In our own work with housestaff or nursing staff we discuss ways in which you can usually get someone’s attention and force further review of a situation. Sometimes that can be as simple as “I’ve just got a funny feeling we’re missing something”. In the WHO guide they describe multiple techniques that can be used. They describe the “2-challenge rule” where all members of the team are empowered to stop an activity if they perceive an essential safety breach. It is “2-challenge” because the first challenge is in the form of a question (eg. “I’m worried about Mrs. Jones. Can you take a look at her?”) and the second challenge provides support for the team member’s concern (eg. “I’m very worried about Mrs. Jones. Her symptoms are worsening. I think you should see her now.”). Key to the 2-challenge rule is that the concern has been heard, understood, and acknowledged.
Next they note the “CUS” approach:
I am Concerned
I am Uneasy
This is a Safety Issue
And then the “DESC” approach:
Describe the specific situation or behavior and provide concrete evidence or data.
Express how the situation makes you feel and what your concerns are.
Suggest other alternatives and seek agreement.
Consequences should be stated in terms of their effect on established team goals or patient safety.
Topic #5 is Learning from Errors. This begins with a description of the various types of error, acknowledgement that errors occur, and situations in which errors are more likely. They have good sections on root cause analysis (RCA), case studies, and failure mode and effects analysis (FMEA).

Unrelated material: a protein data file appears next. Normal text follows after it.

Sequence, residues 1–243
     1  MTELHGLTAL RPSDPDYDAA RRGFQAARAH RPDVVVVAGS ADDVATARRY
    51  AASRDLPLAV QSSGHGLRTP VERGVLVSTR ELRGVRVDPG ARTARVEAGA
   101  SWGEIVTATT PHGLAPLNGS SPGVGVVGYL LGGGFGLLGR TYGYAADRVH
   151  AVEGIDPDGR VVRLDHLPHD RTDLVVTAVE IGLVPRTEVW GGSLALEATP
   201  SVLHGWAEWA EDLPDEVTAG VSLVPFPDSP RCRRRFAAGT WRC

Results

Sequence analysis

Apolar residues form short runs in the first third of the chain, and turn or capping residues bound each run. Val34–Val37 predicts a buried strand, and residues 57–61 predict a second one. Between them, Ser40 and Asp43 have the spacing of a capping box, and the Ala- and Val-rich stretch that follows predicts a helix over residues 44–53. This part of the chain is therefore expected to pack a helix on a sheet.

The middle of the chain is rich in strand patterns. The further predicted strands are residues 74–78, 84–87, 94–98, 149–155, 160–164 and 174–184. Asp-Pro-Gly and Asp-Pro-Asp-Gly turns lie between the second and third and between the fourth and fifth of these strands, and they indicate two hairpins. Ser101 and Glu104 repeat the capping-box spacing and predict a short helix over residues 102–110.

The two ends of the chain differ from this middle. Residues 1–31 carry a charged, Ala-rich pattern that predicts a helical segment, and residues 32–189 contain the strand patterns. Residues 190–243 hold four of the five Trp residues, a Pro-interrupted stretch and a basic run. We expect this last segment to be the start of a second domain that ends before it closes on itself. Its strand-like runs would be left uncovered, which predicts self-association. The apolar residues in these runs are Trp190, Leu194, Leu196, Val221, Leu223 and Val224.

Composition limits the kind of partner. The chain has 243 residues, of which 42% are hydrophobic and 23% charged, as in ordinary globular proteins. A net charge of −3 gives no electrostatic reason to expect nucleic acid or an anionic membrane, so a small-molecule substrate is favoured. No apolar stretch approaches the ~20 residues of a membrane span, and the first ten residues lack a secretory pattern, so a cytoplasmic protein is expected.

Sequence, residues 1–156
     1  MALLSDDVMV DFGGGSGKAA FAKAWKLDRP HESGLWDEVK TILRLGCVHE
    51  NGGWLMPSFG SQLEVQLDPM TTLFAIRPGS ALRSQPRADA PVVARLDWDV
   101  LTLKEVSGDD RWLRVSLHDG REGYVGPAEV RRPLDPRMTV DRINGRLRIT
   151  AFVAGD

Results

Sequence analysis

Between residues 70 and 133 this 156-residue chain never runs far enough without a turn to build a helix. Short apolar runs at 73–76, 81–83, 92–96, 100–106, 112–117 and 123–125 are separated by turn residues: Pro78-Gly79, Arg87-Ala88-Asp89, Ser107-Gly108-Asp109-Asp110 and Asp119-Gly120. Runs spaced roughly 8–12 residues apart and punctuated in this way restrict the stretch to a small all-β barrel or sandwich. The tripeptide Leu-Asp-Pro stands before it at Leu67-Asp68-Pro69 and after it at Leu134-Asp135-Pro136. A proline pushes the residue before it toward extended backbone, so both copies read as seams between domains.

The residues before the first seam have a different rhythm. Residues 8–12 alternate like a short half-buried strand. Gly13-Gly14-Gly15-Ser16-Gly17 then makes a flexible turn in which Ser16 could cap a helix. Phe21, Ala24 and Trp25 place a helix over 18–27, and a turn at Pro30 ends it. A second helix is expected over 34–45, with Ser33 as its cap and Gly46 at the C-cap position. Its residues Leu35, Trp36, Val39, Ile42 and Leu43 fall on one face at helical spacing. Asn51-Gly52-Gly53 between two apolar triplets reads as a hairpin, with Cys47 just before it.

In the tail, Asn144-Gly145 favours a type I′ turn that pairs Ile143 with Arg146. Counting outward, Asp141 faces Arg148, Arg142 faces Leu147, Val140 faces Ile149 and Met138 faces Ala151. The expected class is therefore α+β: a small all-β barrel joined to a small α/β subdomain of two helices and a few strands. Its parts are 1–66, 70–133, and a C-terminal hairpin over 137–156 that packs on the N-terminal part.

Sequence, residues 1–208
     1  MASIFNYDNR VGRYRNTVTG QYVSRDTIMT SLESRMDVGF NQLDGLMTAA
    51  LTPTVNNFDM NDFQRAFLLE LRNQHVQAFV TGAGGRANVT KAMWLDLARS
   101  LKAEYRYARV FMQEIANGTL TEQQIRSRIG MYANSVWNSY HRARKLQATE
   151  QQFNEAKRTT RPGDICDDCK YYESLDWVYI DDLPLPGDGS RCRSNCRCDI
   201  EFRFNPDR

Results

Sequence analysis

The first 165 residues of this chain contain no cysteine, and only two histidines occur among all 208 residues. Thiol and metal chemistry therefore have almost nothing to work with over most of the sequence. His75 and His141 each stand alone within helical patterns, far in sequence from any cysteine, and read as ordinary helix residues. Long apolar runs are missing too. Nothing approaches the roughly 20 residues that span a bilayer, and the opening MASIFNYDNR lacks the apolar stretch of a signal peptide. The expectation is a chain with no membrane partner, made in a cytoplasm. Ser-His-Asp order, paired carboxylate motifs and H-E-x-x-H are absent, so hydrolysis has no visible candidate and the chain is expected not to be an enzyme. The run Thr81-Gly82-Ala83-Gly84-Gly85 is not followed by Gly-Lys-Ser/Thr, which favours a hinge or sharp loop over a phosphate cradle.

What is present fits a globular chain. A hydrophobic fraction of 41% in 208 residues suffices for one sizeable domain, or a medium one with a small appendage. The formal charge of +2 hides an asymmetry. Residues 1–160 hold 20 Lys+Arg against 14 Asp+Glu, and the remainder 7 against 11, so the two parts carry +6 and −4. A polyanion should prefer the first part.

Topic #6 Understanding and Managing Clinical Risk discusses the variety of sources of information that helps identify patient safety risks in your organization, including RCA’s, incident reports, sentinel events, patient complaints, and others. It discusses some of the factors that contribute to adverse events, such as fatigue, communication issues, and others.
Topic #7 is all about quality improvement. It relies heavily on the principles in The Improvement Guide (Langley 1996), including measurement, PDSA cycles, rapid change, and sustaining improvement. It has good discussions about tools such as flow charts, run charts, cause and effect diagrams, Pareto charts, root cause analysis (RCA), and failure mode and effects analysis (FMEA).